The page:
Placing new names under standard namespaces?

Someone recently pointed out that placing new classes and modules
under standard library namespaces, like Time::Tree or
Hash::Transforms, is frowned upon.

I find this approach increases readability and keeps related things
nicely organized. At the same time I understand that there is a
(slight?) risk of name collisions.

I’m curious what others think, and if there are other risks to be
considered.

Regards,
Ammar

On Mon, Oct 25, 2010 at 11:41 AM, Ammar A. [email protected]
wrote:

Someone recently pointed out that placing new classes and modules
under standard library namespaces, like Time::Tree or
Hash::Transforms, is frowned upon.

I find this approach increases readability and keeps related things
nicely organized. At the same time I understand that there is a
(slight?) risk of name collisions.

I’m curious what others think, and if there are other risks to be considered.

I can see both positions: changing built in / std lib classes is
typically considered dangerous and a don’t. OTOH if you create
extensions e.g. for class Time which are universal (i.e. multiple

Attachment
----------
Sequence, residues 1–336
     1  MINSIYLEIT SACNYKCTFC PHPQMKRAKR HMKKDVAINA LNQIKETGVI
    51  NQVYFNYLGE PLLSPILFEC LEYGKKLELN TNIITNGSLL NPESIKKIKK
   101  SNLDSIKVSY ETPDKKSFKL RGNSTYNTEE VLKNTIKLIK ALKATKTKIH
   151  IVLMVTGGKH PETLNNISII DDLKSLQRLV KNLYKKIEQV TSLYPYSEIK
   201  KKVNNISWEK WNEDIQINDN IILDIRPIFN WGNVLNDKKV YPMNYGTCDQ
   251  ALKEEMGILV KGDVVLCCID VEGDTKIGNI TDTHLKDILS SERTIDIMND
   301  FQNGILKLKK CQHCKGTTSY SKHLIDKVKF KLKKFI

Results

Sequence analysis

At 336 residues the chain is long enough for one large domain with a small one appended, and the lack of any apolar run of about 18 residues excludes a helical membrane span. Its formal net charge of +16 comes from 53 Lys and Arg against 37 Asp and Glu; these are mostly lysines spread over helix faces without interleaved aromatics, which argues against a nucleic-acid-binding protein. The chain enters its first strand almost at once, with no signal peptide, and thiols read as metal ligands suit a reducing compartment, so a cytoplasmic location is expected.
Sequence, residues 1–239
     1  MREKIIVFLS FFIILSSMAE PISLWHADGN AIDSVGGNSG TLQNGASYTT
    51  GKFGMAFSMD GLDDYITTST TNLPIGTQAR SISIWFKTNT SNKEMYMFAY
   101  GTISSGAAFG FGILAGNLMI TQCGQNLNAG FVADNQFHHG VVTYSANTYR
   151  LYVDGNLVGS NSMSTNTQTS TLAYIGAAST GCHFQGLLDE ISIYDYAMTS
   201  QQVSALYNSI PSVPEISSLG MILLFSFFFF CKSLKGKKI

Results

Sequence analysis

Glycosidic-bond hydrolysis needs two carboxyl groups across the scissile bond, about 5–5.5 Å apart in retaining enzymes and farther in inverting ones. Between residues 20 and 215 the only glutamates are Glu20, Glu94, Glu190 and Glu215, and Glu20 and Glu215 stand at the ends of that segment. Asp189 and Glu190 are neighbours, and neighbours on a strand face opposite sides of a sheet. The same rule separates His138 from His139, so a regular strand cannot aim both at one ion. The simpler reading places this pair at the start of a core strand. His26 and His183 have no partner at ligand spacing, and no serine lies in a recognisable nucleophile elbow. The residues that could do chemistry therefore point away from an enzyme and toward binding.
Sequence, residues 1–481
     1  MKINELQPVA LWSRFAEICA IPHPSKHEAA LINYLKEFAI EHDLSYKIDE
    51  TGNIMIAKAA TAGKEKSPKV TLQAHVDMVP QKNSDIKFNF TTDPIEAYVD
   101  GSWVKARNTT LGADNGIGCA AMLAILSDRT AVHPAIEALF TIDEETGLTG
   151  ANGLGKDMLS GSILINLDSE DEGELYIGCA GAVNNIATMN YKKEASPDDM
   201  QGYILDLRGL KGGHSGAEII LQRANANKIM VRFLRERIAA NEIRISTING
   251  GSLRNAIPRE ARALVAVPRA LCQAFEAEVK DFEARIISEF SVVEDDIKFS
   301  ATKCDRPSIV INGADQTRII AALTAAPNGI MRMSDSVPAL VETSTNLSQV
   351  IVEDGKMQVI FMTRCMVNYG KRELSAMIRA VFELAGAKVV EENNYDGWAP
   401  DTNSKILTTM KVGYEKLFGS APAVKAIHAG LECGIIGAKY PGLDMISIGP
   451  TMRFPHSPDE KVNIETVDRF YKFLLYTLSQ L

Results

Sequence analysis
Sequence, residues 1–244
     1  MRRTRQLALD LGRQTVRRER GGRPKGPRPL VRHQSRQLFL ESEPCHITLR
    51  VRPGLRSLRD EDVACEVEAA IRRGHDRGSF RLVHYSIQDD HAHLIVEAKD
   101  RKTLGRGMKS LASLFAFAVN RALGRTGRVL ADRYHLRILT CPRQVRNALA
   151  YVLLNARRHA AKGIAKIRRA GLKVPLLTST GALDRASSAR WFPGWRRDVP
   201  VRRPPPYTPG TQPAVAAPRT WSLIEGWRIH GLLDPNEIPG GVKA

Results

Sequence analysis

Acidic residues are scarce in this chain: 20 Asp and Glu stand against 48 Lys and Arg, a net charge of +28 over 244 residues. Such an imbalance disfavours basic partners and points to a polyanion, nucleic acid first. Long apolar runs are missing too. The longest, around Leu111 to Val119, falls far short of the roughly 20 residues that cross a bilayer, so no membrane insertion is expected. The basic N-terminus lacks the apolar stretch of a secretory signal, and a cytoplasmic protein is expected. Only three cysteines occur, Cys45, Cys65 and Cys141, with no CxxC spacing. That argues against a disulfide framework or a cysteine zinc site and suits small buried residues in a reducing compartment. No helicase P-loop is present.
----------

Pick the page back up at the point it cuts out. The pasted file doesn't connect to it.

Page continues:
users of Time can benefit from this) nesting might not be a too bad
idea. I’d be cautious though.

Kind regards

robert

On Mon, Oct 25, 2010 at 2:55 PM, Robert K.
[email protected] wrote:

I can see both positions: changing built in / std lib classes is
typically considered dangerous and a don’t. OTOH if you create
extensions e.g. for class Time which are universal (i.e. multiple
users of Time can benefit from this) nesting might not be a too bad
idea. I’d be cautious though.

Thanks. Drawing a distinction between universal extensions and
extensions that are less so is a helpful rule. And thanks for pointing
out the distinction between built in and std lib classes. I should
stop referring to both as std lib.

Cheers,
Ammar

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